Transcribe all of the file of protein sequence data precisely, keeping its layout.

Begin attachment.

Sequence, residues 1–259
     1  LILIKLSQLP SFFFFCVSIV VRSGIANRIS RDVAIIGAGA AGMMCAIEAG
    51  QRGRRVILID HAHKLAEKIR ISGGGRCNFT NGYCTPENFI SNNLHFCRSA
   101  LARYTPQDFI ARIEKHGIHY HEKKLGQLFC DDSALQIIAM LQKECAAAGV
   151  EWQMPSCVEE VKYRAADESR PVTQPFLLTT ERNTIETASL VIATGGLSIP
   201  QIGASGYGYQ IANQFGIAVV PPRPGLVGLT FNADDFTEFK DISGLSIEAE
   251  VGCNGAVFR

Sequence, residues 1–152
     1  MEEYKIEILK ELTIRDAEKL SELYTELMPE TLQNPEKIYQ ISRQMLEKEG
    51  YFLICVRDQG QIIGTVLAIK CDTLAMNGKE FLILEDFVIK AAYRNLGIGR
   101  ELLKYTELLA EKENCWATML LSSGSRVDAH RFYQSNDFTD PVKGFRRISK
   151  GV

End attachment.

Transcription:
Sequence, residues 1–259
     1  LILIKLSQLP SFFFFCVSIV VRSGIANRIS RDVAIIGAGA AGMMCAIEAG
    51  QRGRRVILID HAHKLAEKIR ISGGGRCNFT NGYCTPENFI SNNLHFCRSA
   101  LARYTPQDFI ARIEKHGIHY HEKKLGQLFC DDSALQIIAM LQKECAAAGV
   151  EWQMPSCVEE VKYRAADESR PVTQPFLLTT ERNTIETASL VIATGGLSIP
   201  QIGASGYGYQ IANQFGIAVV PPRPGLVGLT FNADDFTEFK DISGLSIEAE
   251  VGCNGAVFR

Sequence, residues 1–152
     1  MEEYKIEILK ELTIRDAEKL SELYTELMPE TLQNPEKIYQ ISRQMLEKEG
    51  YFLICVRDQG QIIGTVLAIK CDTLAMNGKE FLILEDFVIK AAYRNLGIGR
   101  ELLKYTELLA EKENCWATML LSSGSRVDAH RFYQSNDFTD PVKGFRRISK
   151  GV